By Victor Angula|

FIFA directed that Namibia will have to play all her international football matches in foreign countries until such a time that her stadiums have been upgraded to modern facilities.

As a result, for the next two years Namibia will play all her home games in South Africa, says the Ministry of Sport.
This situation is unfair to Namibia, because not only is it costly in terms of accommodation and flight tickets to South Africa for home games, it’s also unfair to the team which has to play home games without the advantages of home ground.

The Brave Gladiators’ exit in February from the African Women Cup of Nations when they played to a one-all draw with Zambia in Johannesburg may have been a result of the team having to play the home game away from home.

Thus soccer enthusiasts put the blame for this loss to the Ministry of Sport, Youth and National Youth Service for its failure to maintain the Independence Stadium until it fell into a deplorable condition so that FIFA declared it unfit to host FIFA-sanctioned matches.

Ms Jo-Ann Manuel, the deputy director of Marginalised People and Women in Sport, says that the blame should rather be placed on the shoulders of the Namibia Football Association (NFA) for failure to communicate in time about FIFA’s decision to ban the use of Namibia’s stadiums.

“First thing to know is that the stadiums were not declassified because they are deplorable. The stadiums were declassified because there are structural requirements that need to be met, and this [Independence] stadium was built in the early 1970s,” says Ms Manuel.

“For example, our stadium does not have chairs all over. And they [FIFA and CAF] are saying that we can no longer in this era have stadiums where people are sitting on concrete. There must be seats all over.

“The other thing they are saying is that the capacity of our stadium in comparison to its ablution facilities, the ablution facilities are not sufficient. And thirdly, if you go to our changing rooms, the rules say that the changing rooms must have five toilets and five showers.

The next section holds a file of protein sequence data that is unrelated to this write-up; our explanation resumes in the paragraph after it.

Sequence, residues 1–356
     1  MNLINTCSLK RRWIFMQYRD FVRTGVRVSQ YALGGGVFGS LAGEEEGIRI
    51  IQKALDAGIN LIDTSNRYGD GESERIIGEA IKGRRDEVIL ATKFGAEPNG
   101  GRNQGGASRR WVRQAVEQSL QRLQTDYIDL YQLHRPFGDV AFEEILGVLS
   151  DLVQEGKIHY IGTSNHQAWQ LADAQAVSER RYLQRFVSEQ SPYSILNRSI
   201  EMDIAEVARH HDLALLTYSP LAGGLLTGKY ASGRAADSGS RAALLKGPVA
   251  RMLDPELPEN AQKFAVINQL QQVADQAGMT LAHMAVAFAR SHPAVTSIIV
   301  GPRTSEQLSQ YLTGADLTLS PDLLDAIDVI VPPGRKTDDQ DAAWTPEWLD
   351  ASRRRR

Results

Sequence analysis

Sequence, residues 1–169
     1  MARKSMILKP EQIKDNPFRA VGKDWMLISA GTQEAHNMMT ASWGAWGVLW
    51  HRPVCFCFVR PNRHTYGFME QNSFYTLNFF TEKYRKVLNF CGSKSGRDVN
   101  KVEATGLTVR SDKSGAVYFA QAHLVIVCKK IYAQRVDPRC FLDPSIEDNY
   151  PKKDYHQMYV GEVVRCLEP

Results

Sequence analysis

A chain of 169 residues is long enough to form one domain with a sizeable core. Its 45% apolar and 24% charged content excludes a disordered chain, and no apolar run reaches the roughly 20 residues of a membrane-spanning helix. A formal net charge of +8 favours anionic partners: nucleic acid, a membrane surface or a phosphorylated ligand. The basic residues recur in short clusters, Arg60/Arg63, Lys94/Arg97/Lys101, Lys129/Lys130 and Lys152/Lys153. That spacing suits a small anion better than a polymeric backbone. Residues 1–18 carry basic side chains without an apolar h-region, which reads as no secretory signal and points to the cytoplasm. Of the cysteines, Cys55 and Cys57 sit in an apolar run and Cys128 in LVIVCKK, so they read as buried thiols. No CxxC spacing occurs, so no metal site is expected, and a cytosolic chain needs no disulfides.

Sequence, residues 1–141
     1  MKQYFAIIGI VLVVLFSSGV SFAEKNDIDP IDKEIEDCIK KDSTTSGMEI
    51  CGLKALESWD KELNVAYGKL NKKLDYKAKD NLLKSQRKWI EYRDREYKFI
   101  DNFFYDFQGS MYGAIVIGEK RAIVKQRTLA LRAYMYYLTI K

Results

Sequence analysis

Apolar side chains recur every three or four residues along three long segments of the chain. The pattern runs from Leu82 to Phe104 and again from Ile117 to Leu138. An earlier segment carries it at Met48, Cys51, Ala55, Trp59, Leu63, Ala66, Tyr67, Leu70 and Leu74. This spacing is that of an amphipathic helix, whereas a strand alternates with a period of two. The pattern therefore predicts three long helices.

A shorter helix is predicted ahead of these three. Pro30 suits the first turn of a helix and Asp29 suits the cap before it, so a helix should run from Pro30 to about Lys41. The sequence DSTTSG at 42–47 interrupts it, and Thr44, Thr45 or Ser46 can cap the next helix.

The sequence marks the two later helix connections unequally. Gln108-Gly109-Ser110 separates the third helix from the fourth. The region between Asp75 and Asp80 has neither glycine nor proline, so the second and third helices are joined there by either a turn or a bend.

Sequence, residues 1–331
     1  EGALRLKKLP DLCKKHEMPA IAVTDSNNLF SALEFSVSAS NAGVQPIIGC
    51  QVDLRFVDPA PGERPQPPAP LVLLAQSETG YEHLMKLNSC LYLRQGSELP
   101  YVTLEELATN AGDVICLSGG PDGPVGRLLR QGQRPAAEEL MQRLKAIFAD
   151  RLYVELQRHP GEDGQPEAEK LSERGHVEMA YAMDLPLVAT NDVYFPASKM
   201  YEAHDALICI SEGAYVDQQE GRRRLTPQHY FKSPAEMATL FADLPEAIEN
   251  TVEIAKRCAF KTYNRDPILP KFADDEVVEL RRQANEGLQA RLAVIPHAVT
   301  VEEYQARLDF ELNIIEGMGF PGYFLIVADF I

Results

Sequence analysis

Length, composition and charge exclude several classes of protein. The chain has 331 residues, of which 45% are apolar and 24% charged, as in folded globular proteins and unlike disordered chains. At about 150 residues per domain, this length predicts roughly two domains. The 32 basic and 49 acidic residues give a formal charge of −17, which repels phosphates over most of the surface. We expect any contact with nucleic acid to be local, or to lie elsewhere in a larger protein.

“Unfortunately when ours was built it only has two toilets and two showers, so it’s not because of the deplorable state of the stadium that we are declassified.

“It’s about structural requirements that were introduced by FIFA and CAF, but unfortunately we never bothered to upgrade our stadium to the new requirements.

“And for us as to whether the Brave Gladiators would have won at home, it’s debatable. Unfortunately that was the outcome of the game. And unfortunately the world will not wait for Namibia to upgrade and meet the requirements. That [situation of playing in South Africa] is something that we have to bear with.

“And we are happy now we at least got 50 million [in the National Budget], hoping that it will be enough to change the situation. But the upgrading of stadiums, after our consultations with those who are experts, it will take us not less than 18 months.

“So the team must be prepared to continue playing home and away games in foreign countries for at least the next two years.”

As to how the Ministry could escape all blame for not having known in time about the declassification of its own stadium, Manuel says that NFA was not honest with them.

“NFA is the one who is supposed to bring the news of the changed requirements to us. We don’t sit in FIFA meetings, we don’t sit in CAF meetings. Surely you will understand that the person who is not communicating [information] to us is NFA. Because these requirements are communicated to members.

“So NFA must accept the blame that if they could have alerted the Government in time, we would have done something. Now when we heard about this declassification of our stadium we went and pleaded with the Government and Cabinet, so now at least we got 50 million.

“If they [NFA] were honest, they would have alerted us long time ago. So it’s the NFA which have failed the nation.”

NFA’s manager for marketing and communication Mr Cassius Moetie promised to provide a response but for four weeks he failed to do so.

In the photo: Namibia’s Independence Stadium.